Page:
What lessons could the humid shores of the Caribbean, the freezing heights of the Himalayas, or the farthest reaches of Earth's atmosphere hold for your company or organization? Although those places couldn't be more different, all were the scenes of disastrous outcomes brought on by a weakness to which all organized human groups are susceptible—the suppression, especially during planning and decision-making, of views that might be perceived as contentious or disruptive to an organization's foundational beliefs.
Consider the costs to organizations, large and small, when dissent does not or cannot surface: Abjuring rigorous debate about its merits, a youthful president John F. Kennedy essentially rubber-stamped a 1961 plan to invade Cuba at the Bay of Pigs, resulting in one of the biggest U.S. foreign policy fiascoes in decades. During a 1996 commercial expedition to the summit of Mt. Everest, several climbers, including two of the world's most experienced professionals, died in part because junior team members didn't speak up when their expert leaders ignored their own core operating principles surrounding safety. In 2003, NASA engineers were reluctant to challenge long-held beliefs that foam strikes incurred during the launch of the space shuttle Columbia posed no risk to its fuselage.
This propensity to maintain silence, a flaw at once personal and organizational, is "widespread and problematic" in both the public and the private sectors, says HBS professor Amy Edmondson, who chairs the Doctoral Programs and teaches in the Technology and Operations Management unit.
"To cite one example, former HBS doctoral student Jim Detert and I interviewed some 200 people of all ranks and functions in a high-tech multinational. We found to a very significant degree that people did not speak up about things they deemed important. Most of those were not 'bad news' things; to our surprise we found that people were reluctant to voice what they perceived to be good ideas, unless they were extraordinarily confident they would be well-received. And this in a firm that lives and dies by its ideas."
Edmondson says this reluctance to speak up stems variously from fears that superiors will not like the idea or that it may appear to criticize the status quo, which most people find reassuringly familiar or dangerous to challenge. Edmondson sums up the mental calculation this way: "The potential costs to me for speaking out seem reasonably certain and somewhat immediate; the potential benefit to me for speaking out seems rather uncertain and definitely long-range."
In the corporate world, Detroit's V-8 car culture was long unable to entertain the notion that a large segment of consumers might prefer automobiles that were safe and fuel-efficient. Coca-Cola ignored evidence that "New Coke" would fizzle and launched it anyway. Companies in the mechanical-watch and analog-photography industries refused to heed the messengers and the message that adaptation and change were necessary if they were to continue to exist.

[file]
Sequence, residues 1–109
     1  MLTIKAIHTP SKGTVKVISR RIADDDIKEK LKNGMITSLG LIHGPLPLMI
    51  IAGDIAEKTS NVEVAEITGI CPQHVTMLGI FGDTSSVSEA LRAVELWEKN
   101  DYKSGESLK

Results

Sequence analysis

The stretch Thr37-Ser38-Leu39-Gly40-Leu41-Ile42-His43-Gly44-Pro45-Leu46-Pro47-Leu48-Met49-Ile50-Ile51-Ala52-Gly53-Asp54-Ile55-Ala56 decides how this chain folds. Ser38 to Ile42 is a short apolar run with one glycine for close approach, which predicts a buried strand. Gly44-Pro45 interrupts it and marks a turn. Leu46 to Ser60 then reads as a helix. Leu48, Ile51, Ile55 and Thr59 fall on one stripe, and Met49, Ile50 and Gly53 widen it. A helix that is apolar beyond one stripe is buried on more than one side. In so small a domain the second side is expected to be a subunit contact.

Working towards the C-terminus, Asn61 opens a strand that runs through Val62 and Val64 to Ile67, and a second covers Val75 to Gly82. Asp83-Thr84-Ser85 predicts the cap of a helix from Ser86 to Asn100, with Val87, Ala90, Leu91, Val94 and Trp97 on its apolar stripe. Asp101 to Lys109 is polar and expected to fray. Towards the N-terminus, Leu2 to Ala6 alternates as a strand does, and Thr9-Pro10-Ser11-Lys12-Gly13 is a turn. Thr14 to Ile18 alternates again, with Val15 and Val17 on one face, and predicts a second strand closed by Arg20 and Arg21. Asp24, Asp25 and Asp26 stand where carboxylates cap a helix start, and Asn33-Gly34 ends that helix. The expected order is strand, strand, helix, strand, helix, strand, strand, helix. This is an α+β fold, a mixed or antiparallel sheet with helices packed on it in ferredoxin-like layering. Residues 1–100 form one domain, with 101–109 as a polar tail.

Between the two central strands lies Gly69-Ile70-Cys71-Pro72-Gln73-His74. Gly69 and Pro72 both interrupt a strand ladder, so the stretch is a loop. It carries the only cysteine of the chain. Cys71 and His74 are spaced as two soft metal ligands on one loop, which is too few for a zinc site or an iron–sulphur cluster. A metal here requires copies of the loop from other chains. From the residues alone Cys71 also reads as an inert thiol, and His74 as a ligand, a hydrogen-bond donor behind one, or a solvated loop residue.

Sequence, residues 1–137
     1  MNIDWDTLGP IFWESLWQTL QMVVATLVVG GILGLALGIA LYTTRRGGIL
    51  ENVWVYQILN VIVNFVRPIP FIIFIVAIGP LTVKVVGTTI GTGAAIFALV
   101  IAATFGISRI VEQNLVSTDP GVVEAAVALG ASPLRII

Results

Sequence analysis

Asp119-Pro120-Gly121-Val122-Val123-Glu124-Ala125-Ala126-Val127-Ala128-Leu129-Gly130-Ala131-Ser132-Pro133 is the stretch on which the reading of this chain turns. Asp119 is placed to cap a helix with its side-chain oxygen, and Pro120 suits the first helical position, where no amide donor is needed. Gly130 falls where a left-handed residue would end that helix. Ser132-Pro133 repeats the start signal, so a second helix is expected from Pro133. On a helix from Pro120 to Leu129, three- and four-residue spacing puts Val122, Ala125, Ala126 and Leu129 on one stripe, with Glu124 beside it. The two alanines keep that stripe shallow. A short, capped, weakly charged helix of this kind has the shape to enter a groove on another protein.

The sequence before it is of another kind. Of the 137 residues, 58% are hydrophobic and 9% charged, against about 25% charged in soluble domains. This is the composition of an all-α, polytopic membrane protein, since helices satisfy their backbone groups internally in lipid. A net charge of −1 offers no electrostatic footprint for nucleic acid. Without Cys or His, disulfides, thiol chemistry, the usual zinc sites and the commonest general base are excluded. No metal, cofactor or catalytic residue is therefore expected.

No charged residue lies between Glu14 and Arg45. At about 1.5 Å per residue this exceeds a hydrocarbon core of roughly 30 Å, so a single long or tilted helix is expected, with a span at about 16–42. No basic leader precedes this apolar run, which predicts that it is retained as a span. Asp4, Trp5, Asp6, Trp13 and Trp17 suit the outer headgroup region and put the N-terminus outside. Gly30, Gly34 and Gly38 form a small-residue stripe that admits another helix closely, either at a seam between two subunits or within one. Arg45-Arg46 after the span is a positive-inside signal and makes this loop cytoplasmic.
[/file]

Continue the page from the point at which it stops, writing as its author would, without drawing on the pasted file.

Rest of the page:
Challenges to the conventional wisdom can be upsetting to individuals and organizations alike, and for that reason are often suppressed or discouraged. "Don't rock the boat" and "You get along by going along" seem crude and outdated workplace mantras when contrasted with the sophistication of modern business, yet they are still considered sound advice.
HBS professor Max Bazerman of the Negotiation, Organizations & Markets unit believes that within organizations, candor should be rewarded and incentives designed to encourage that.
Says Bazerman, "Executives sometimes complain to me that their sales force is sacrificing profitability for revenue by lowering prices to make more sales. So I ask them, 'On what basis do you compensate them?' Inevitably they answer, 'On the number of sales made.' Similarly, when executives complain that 'My people just don't bring me dissenting views, what do I do?' my reaction is, 'Can you tell me the last three times someone brought up a dissenting view, what happened with that discussion?' Often executives themselves are responsible for suppressing dissent: They're not fully listening, they're cutting people off, or they have a preconceived notion of where they're going. In fact, many times leaders prefer an orderly shop and aren't actually looking for dissent."
From the Oval Office to the boardrooms of Detroit and everywhere in between, "fundamental but highly controversial issues often are not surfaced," former Vietnam-era Secretary of Defense, Ford Motor Company president, and World Bank president Robert S. McNamara (HBS MBA '39) told the HBS Alumni Bulletin in 2004. The reason, McNamara explained, is that such issues are deemed too threatening to organizational harmony or to individuals' career advancement. As a result, the validity of a principal U.S. rationale for the Vietnam War, the "domino theory," was never debated at the highest levels, McNamara said, nor was Detroit's received wisdom that the American public would be reluctant to buy compact, fuel-efficient, and designed-for-safety cars.